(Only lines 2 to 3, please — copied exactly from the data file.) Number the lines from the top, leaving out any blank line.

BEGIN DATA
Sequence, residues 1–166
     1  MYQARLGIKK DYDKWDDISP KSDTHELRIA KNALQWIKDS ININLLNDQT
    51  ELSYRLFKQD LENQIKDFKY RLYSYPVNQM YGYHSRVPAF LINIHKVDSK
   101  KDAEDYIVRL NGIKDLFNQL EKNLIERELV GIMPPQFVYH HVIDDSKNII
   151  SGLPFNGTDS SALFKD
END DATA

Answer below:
     1  MYQARLGIKK DYDKWDDISP KSDTHELRIA KNALQWIKDS ININLLNDQT
    51  ELSYRLFKQD LENQIKDFKY RLYSYPVNQM YGYHSRVPAF LINIHKVDSK